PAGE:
The Ecology of Commerce – Book Review

EcolofCommerceOriginally published in 1993 by entrepreneur and environmentalist Paul Hawken. Ray Anderson, the founder of billion-dollar modular carpet manufacturer Interface, credits the book for causing him to experience a “spear in the chest  moment” that transformed his perspectives on business and ecology. With help from Paul Hawken who became an advisor to Interface, Ray Anderson and his team embarked on a journey to reinvent the carpet business and become the world’s leading corporation in terms of  sustainability. He found that this was not only good for the environment but also good for business: “Profits are up not down, products are the best they have ever been, and the goodwill of the market place is amazing”. This edition of the book contains the Interface story and is dedicated to Ray Anderson who passed away in 2011 at age 77. Here is his TED talk where he describes how reading Paul Hawken’s “Ecology of Commerce” in the summer of 1994 allowed his reformation from plunderer of the earth to America’s greenest CEO:

For Paul Hawken, environmental degradation, climate change and resource depletion, erode the natural capital on which life depends and in turn the economy that nature can support. He provocatively says that: “Business contains our blessing. During all these years we may have been asking the wrong question. Instead of asking how to save the environment we should have asked how do we save business?”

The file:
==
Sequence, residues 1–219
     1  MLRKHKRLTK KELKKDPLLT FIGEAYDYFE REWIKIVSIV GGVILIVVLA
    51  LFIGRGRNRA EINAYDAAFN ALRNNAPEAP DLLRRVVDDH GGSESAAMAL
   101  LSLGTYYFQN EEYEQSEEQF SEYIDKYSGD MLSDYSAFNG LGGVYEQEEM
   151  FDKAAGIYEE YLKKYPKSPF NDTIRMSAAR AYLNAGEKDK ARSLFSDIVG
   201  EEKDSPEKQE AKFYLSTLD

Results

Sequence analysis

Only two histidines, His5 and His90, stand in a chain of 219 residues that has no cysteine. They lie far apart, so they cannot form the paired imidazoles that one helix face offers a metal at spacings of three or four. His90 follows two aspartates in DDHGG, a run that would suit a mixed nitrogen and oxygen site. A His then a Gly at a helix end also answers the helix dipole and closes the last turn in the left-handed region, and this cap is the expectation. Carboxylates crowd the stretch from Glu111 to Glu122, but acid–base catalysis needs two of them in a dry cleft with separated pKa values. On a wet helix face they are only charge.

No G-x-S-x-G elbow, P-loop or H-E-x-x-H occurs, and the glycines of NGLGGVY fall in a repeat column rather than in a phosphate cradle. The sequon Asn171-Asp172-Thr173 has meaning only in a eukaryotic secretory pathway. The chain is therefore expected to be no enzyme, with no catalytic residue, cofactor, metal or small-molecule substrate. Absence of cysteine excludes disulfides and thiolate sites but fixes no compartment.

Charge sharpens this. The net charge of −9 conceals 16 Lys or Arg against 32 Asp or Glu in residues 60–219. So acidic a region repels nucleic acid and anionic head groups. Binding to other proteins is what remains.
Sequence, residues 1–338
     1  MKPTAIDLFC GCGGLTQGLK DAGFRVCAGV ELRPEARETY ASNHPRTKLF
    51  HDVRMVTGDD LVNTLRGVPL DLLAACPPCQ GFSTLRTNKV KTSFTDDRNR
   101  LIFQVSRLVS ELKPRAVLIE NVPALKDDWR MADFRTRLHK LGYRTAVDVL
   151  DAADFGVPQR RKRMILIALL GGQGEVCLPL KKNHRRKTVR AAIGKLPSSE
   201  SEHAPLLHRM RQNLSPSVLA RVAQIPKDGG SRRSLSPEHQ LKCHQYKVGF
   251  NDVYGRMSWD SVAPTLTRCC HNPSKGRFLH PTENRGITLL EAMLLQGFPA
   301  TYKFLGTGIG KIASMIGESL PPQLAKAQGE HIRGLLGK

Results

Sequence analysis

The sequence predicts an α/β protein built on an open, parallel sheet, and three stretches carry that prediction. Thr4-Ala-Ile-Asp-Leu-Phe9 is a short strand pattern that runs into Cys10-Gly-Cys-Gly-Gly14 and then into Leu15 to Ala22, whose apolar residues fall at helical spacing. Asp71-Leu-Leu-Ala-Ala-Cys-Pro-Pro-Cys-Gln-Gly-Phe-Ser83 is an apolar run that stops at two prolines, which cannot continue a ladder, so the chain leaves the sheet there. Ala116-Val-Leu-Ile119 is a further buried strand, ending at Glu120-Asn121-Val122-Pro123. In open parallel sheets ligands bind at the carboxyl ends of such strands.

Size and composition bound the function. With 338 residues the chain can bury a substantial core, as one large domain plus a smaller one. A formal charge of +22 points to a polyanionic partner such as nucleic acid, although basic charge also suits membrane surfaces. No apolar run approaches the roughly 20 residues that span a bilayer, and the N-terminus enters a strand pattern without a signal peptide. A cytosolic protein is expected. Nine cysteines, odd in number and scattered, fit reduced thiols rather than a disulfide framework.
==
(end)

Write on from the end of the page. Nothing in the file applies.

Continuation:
Are we cutting the branch we are sitting on?

Paul Hawken believes that market forces can help restore habitats and ecosystems by reflecting “externalities” in the price of goods and services. This would not create any new costs but  properly reflect the costs of pollution and waste that are currently borne by society (the tragedy of the commons) to where they originate. Market forces will then reward the greenest businesses in a way that would benefit society and the economy. Ultimately businesses should operate in a way that is inspired by nature (bio-mimicry), move away from the industrial-age linear economic model (sometimes described as “cradle to grave”) and create a circular economy (“cradle to cradle”) to help restore natural capital and ensure the prosperity of current and future generations.

A must read for entrepreneurs and environmentalists alike.